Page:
Traveling Florida’s Lost Wildlife Highways

September 15, 2012



Expedition highlights natural corridors at risk

Ascending north Florida’s Suwannee River, the explorers encountered this Ogeechee tupelo tree growing as a separate island in the tannin-stained ‘blackwater’ of the river. PHOTO: © CARLTON WARD, JR.


To see all the photos accompanying this article, download the SEJournal Summer/Fall 2012 PDF here (see page 16).


Their premise was as old as the human impetus to explore. A small band of like-minded individuals sets out into the wilderness intent on reaching a distant destination, and achieving a likely more distant goal.

While images of Kon-Tiki or Lewis and Clark may rush to mind at such a thought, this band wasn’t intent on conquering a vast ocean, or traversing an unknown continent to reach a far shore. Rather than forge a trail through an alien landscape to open the way for future humans to follow, the Florida Wildlife Corridor Expedition sought to do the exact inverse.

This expedition sought to plot a course through the human-forged environment that is present-day Florida in order to reclaim a tenuous natural migratory route that the state’s surviving endemic wildlife might once again follow, as they had unimpeded up until the arrival of European settlement 500 years ago. Consisting of just four members, the team kicked off in mid-January 2012 from the southern-most tip of the Florida peninsula where the Everglades meet the Gulf of Mexico. Over the next hundred days, traveling by kayak, horseback, bicycle and foot, the explorers followed the spring north, threading their way through a thousand miles of the state’s myriad inland landscapes.

After surmounting obstacles both natural and man-made in their efforts to ultimately link the various surviving natural habitats along their convoluted route, they successfully arrived at southeast Georgia’s Okefenokee Swamp in a downpour, but ahead of schedule, on Earth Day, 2012.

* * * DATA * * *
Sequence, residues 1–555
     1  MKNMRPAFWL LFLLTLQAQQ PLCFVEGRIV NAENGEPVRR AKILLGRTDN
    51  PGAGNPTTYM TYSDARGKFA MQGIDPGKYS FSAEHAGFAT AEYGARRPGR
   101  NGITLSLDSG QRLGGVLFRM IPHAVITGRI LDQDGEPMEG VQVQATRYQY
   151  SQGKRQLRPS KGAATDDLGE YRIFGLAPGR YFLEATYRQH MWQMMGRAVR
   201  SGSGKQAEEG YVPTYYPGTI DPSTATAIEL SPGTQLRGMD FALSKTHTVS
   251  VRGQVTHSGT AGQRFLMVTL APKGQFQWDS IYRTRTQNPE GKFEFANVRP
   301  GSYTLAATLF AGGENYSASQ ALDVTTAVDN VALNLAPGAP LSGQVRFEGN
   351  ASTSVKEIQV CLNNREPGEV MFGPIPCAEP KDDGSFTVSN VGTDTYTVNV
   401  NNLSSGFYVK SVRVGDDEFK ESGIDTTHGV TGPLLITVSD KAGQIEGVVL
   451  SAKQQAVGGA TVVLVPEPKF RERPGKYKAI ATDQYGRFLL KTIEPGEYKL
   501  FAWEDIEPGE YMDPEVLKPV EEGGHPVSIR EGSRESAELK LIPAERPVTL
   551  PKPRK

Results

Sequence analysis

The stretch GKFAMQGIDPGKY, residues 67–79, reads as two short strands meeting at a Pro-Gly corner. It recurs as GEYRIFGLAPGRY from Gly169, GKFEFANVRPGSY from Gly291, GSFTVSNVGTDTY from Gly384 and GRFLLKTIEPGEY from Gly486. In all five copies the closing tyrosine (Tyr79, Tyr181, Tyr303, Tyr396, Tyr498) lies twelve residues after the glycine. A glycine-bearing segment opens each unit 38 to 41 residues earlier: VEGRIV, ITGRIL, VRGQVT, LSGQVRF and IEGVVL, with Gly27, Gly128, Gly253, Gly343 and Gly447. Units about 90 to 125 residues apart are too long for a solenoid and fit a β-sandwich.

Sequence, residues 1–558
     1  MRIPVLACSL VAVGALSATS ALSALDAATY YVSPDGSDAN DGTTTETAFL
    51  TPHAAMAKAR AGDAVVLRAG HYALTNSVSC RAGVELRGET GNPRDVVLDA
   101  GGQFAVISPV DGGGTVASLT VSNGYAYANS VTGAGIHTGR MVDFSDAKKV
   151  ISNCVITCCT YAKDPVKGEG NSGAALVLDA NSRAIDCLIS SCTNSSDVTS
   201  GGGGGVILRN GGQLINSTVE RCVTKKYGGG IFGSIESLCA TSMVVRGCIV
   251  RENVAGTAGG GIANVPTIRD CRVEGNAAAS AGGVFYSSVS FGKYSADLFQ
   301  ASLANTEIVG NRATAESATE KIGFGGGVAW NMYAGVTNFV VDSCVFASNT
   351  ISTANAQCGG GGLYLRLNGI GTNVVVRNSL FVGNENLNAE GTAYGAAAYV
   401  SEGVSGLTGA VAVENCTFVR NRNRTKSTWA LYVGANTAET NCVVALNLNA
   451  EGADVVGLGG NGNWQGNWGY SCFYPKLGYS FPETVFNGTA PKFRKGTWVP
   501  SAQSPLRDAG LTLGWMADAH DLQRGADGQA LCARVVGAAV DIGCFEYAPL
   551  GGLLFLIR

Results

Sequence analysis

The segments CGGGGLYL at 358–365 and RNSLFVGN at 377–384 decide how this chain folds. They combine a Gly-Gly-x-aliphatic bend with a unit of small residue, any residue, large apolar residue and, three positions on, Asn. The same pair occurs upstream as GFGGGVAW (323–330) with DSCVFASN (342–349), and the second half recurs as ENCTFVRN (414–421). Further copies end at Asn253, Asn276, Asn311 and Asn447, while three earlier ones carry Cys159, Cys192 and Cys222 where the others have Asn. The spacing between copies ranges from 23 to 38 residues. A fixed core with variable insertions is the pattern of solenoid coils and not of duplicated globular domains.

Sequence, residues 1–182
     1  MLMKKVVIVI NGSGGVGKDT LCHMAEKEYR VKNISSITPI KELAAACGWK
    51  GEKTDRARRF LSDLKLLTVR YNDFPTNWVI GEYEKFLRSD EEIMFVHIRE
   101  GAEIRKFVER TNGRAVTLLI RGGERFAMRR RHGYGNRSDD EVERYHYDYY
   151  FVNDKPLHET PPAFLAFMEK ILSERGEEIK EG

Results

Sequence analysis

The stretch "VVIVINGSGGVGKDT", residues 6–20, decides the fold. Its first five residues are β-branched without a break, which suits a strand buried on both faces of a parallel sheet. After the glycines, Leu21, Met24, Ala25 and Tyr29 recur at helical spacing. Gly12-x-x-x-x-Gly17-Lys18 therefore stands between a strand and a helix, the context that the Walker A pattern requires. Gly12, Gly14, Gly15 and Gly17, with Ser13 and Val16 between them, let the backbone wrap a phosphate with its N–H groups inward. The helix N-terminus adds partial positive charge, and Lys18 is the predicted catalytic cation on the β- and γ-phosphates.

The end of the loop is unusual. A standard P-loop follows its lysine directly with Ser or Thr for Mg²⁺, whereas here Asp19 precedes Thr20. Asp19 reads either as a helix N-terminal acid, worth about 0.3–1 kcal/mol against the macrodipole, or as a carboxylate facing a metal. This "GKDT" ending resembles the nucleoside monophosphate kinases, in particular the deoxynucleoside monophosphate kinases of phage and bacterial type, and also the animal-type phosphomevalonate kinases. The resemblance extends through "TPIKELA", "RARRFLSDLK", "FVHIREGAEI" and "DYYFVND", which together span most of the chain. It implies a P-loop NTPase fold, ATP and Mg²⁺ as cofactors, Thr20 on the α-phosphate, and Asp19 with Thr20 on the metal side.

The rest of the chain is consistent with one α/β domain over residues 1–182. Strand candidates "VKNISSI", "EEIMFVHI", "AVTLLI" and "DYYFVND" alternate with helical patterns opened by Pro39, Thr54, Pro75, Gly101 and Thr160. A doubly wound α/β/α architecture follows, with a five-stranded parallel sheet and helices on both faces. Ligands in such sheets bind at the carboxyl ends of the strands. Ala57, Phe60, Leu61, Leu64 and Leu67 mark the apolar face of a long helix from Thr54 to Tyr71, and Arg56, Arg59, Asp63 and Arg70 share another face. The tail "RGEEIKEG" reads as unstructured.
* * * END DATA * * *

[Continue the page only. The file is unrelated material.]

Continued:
Interior Florida a Key to Conservation

The concept for the journey had been years in the making by its principal architect, conservation photographer Carlton Ward, Jr. (an SEJ member since 2001). He had spent his earlier career on six different biodiversity projects with Smithsonian Institution scientists in Africa, where he documented over 400 different species under study, work that led to his first photography book, The Edge of Africa.

An eighth-generation Floridian descended from one of the state’s early ranching families, he was acutely aware of the developmental impact Florida’s population of 19 million was having on its unique natural environment. “Every time I got back from Gabon,” he recalls, “there was another new subdivision on a Florida ranch.”

Following his last African expedition in 2004, Ward made a personal commitment to return to Florida permanently and devote his career to preserving and protecting what remained of the state’s natural and cultural landscapes. With most of its population living on its coasts, he realized “that left large conservation opportunities in the interior.” His first effort to coalesce both his conservation awareness and his professional photography into a proactive organization was the 2004 creation of the Legacy Institute for Nature and Culture “which works to celebrate and protect Florida's natural and cultural heritage through art.”

Route of the Florida Wildlife Corridor Expedition. MAP ILLUSTRATION BY MIKE REAGAN.

Perhaps owing to his own long Florida lineage, the concepts of nature and culture are never separate for Ward. He sees the healthy vitality of established human subcultures dependent on the state’s natural resources — such as Native American communities, coastal fisheries and family ranching — to be every bit as critical to the state’s environmental health as the survival of wildlife and their natural habitats. Florida ranches, in fact, have been a special interest of his, leading to his second photo book in 2009,  Florida Cowboys: Keepers of the Last Frontier.

His interest in the upwards of 7 million acres of privately owned ranches in Florida — land that goes relatively unnoticed by the public — led Ward to realize its significance to the survival of the state’s indigenous wildlife. In the course of his ranchland photography, he met Joe Guthrie, a wildlife biologist affiliated with the Archbold Biological Station located west of Lake Okeechobee (Florida’s largest lake, approximately half the size of the state of Rhode Island), who was conducting black bear research on the same properties.